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Like most kids my son enjoys the Star Wars movies, so tonight we’re watching the one with the Teddy Bears, Return of the Jedi. My son has a guest over and they wanted a movie to fall asleep to in the living room. I hadn’t really sat down to watch it in years, and I quickly had to survey the boundaries of my memories to remember the plot, such as it is, leading up to the movie I was watching.
I thought about the first movie. There’s a scene where the heroes have escaped the Deathstar and Princess Laia says “that was too easy” and concludes that they’d let them go. Okay, so she’s smart in that scene. But then do they call someone up to meet them on a desert planet to ditch the Millennium Falcon? Do they take it somewhere so someone they trust with the knowhow can search the ship for bugs and homing devices? Nope. They went straight to the central nervous system of the rebellion (the very existence of which was kind of silly anyway when they were fighting a guerrilla war against an empire). And sure enough the Deathstar was right behind them. Duh.
Now, did anyone also notice the incongruity of scale in the final battle? Basically it only took the rebel ships a few minutes to get from their base planet to the Death Star, but when they enter that valley thing around the Death Star’s equator, it takes them forever to get to the spot they have to shoot at. Plus, what was the point of going down in threes bunched together to be targets from behind? Why weren’t they spread out? Why didn’t a few of them hover above outside the valley thing to intercept the bad guys?
And what was the purpose of the Stormtrooper armor? It didn’t protect them from anything.
Speaking of movies I just watched a more recent film, about 10 years old. It was a made-for-TV movie with a decent cast entitled Purgatory. So these bad guys led by Blackjack, a bad-ass with no redeeming qualities whatsoever, rob a bank. When Blackjack’s brother is mortally wounded, his brother asks him to put him out of his misery as the posse isn’t far behind. Blackjack replies, “I can’t spare the bullet.” Bad. Bad. Bad.
So they escape through some caves and come out into a lush valley. They see a town. On the way to town is this old Indian guy with a big black horse sitting outside a black gate obscured by smoke. They enter town and the inhabitants are unarmed and generous. The bad guys start to tear up the town, but what they don’t realize is that among these peaceful town folk are some dead anti-heroes of the west, among them Jesse James, Wild Bill Hickock, Doc Holiday, and Billy the Kidd. Unfortunately the movie slaps you in the face with all the answers before you have time to discover them, not that the title of the movie doesn’t give it all away anyway.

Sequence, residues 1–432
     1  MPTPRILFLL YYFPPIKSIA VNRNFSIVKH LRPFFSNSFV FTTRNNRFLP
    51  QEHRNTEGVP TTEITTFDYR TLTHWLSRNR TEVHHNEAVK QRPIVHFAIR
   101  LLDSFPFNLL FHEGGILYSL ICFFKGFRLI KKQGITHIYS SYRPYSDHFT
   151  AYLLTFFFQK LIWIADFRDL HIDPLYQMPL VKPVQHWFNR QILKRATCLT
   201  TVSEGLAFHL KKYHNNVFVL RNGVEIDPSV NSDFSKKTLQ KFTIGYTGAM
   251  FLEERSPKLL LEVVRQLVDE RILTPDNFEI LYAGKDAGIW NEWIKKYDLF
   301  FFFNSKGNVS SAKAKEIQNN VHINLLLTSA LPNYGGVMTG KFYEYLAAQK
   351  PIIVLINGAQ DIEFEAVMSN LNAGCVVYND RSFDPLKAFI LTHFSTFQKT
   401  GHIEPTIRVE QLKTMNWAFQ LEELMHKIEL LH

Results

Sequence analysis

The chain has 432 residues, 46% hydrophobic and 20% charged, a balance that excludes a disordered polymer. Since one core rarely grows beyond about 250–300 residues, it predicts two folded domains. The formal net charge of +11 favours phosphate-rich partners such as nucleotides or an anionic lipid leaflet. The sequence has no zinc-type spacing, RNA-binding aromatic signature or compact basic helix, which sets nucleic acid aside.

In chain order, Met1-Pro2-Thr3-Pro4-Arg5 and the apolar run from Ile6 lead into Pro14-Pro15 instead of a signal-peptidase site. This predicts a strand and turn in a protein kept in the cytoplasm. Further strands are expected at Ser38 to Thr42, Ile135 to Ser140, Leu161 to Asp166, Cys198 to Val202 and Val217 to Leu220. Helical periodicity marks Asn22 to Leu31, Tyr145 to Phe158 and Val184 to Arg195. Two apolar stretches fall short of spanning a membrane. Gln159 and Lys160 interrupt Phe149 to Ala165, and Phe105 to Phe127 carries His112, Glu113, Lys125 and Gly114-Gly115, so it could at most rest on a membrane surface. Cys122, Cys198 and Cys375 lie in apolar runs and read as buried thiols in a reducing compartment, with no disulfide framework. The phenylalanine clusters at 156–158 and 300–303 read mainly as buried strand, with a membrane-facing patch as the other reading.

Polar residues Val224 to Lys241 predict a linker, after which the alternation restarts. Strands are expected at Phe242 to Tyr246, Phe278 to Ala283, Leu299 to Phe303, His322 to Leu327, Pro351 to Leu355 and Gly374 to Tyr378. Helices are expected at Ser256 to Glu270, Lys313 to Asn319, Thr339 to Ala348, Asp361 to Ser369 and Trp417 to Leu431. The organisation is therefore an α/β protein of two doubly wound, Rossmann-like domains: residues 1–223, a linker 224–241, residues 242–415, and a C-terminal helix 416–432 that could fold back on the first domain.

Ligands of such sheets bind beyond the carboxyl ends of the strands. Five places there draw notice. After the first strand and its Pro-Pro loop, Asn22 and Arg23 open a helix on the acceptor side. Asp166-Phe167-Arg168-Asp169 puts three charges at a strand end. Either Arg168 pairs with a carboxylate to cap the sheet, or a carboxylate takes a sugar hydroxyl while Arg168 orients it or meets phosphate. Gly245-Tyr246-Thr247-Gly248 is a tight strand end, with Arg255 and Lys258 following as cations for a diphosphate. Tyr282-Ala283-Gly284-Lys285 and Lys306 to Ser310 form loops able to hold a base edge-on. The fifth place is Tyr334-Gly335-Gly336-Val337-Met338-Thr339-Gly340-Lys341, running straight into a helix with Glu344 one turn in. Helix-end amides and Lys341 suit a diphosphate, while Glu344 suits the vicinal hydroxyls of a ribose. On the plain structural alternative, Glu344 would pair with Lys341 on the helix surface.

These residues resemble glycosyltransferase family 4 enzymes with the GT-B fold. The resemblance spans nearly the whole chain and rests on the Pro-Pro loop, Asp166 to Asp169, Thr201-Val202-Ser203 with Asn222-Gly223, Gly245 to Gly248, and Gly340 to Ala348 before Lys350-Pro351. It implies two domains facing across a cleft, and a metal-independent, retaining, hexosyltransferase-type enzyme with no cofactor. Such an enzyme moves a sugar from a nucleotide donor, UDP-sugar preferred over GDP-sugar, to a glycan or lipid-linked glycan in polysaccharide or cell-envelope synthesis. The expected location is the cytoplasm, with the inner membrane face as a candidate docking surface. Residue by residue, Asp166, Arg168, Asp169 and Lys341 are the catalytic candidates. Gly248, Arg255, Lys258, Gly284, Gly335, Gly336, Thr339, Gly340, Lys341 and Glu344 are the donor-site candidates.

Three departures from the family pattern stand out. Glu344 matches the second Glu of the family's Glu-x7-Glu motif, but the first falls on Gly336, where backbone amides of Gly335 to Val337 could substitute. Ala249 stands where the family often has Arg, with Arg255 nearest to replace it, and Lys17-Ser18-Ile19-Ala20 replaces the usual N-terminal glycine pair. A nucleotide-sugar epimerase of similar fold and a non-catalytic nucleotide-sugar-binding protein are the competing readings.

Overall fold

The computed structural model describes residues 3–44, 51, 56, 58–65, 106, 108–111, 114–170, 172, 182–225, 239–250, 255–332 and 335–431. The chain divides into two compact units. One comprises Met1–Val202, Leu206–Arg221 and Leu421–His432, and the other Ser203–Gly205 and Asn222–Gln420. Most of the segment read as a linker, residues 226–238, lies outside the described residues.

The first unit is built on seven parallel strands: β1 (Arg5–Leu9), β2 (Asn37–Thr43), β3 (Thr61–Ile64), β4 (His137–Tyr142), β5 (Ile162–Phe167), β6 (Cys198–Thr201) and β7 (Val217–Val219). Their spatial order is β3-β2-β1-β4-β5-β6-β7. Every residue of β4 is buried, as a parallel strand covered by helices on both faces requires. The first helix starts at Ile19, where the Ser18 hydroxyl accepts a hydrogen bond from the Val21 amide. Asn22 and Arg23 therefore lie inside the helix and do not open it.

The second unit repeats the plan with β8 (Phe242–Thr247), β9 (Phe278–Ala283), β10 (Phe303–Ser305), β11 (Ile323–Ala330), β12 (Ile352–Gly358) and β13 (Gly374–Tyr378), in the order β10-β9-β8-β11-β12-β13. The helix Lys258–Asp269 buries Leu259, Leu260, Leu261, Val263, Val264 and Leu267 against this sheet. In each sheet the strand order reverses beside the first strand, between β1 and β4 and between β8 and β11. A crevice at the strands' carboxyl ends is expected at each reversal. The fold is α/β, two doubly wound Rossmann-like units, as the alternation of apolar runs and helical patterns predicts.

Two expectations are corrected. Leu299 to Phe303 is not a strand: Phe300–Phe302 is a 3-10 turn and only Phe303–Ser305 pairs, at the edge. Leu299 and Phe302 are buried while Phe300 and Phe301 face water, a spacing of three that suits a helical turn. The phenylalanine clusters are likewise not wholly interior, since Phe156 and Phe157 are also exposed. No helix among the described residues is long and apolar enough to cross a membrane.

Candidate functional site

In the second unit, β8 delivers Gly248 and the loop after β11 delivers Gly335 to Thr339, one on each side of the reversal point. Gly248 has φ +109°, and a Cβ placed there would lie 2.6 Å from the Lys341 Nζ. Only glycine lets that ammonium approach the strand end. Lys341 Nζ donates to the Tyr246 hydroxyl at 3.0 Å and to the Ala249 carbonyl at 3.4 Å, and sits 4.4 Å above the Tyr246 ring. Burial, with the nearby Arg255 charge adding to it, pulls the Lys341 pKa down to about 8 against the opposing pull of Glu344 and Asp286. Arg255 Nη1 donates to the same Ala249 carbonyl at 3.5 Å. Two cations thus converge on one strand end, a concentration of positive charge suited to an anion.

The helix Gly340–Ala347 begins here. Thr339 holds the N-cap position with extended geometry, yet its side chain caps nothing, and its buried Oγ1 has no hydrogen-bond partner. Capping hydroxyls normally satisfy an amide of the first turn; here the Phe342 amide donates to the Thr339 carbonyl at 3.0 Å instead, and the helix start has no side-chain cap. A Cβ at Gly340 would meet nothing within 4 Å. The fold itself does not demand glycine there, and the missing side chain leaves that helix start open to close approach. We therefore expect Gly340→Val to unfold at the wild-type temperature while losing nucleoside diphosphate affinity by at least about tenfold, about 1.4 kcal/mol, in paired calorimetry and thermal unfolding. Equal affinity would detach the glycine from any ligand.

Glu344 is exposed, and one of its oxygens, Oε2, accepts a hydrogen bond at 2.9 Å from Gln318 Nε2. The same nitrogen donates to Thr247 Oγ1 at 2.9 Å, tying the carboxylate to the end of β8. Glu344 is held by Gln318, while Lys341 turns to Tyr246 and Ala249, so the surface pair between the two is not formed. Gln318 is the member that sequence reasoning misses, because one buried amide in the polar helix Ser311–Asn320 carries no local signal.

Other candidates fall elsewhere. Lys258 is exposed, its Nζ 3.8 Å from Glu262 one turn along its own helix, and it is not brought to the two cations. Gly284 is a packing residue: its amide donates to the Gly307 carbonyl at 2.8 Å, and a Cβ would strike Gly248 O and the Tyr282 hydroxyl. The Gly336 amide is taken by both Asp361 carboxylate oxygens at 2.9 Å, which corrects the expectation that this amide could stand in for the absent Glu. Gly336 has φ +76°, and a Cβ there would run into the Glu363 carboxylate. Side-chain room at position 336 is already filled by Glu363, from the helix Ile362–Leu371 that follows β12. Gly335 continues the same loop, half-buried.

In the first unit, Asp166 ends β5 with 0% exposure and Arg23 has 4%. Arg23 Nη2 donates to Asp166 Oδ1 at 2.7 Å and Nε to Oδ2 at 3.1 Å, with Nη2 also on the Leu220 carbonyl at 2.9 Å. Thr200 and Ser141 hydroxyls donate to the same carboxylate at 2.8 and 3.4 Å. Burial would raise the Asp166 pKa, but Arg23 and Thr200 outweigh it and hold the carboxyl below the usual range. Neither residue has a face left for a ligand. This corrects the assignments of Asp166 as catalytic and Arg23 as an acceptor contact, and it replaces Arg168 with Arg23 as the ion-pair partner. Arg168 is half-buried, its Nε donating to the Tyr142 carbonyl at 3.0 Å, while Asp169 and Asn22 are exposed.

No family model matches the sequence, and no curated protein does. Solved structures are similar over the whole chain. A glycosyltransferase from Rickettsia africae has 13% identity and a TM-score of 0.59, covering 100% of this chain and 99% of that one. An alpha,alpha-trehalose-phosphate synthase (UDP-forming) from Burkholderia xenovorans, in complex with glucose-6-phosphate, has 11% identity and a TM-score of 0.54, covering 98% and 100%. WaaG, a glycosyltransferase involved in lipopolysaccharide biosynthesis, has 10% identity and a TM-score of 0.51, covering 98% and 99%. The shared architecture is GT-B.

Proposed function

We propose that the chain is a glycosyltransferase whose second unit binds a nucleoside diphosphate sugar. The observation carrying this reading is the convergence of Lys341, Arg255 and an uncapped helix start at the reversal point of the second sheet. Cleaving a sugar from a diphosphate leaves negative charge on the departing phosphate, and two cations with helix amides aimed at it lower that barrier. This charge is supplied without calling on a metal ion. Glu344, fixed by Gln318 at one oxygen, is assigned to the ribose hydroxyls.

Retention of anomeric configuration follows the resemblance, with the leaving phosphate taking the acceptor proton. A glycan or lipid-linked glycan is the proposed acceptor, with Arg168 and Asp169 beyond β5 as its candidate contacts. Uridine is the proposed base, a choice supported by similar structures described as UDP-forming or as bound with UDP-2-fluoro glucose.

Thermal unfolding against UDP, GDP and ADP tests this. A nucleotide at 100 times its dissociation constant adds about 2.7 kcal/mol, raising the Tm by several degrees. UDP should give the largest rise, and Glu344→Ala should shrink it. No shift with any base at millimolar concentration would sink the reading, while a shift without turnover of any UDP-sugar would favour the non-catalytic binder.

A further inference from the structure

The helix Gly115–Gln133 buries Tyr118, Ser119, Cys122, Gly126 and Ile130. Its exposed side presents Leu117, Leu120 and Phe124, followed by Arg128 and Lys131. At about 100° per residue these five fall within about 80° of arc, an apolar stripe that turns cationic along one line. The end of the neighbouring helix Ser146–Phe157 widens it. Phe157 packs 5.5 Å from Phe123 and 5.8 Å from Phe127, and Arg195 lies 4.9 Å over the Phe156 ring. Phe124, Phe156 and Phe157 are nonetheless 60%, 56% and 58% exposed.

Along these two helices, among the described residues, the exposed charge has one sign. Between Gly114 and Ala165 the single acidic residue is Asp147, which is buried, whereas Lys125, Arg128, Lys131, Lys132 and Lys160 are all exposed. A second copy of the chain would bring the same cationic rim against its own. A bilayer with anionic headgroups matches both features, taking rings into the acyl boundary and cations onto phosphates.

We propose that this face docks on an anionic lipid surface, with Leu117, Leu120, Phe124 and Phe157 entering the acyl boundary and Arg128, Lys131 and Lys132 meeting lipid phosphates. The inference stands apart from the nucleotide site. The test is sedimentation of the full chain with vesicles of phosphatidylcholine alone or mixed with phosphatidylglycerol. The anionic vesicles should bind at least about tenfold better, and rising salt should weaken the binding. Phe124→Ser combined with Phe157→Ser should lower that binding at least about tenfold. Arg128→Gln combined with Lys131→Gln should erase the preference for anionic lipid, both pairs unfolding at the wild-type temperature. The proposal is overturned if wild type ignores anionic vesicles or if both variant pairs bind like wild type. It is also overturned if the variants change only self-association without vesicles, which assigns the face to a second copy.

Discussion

It was a dorky movie mostly with some decent performances and a nice gun fight finale. Even more fun was a minor irony I noticed in that Randy Quaid played the part of the dead Doc Holiday. A few years before his brother Randy had played the live Doc Holiday in Tombstone, about the 412th movie take on the OK Corral fight which in real history was much less climactic as the Clanton gang was not expecting a fight and half of them were unarmed. The movies all pretty much glorify an ambush.
Anyway, the one real interesting moment of the movie was the theological question at the end. Basically, if you believe in God, and inherent non-relative justice, where there is a right and wrong – should you be willing to accept eternal suffering in Hell if it means making the right moral choice? I mean, sure, by a modern ethos theology God wouldn’t set you up that way. The right moral choice is what God tells you to do, and these heroes supplanted their own view of what was right and wrong for God’s. Except that they were in a catch 22. I’ve already pretty much spoiled the plot anyway, so I’ll reveal that if you’re killed in this town, or you kill, you’re on your way to Hell either way. So the heroes decided to bite the bullet for their fellow townsfolk.
But don’t worry. The movie was made for TV. I’d have been much more impressed though if the heroes proudly marched off into Hell. That’s even a line in Man of La Mancha: “….to be willing to march into Hell for a Heavenly cause….”
It’s no Deadman, but it’s, well, what it is.
Oh, but there is incongruity. Earlier in the movie Sam Shepard’s character (I think it was Wild Bill Hickock) faced down the baddies when they were throwing knives at the church. When they persisted and threatened to kill Hickock, God sent a lightening bolt. Why didn’t God do the same thing later?
Stormtrooper comes from photobucket.
Heraldo has some details.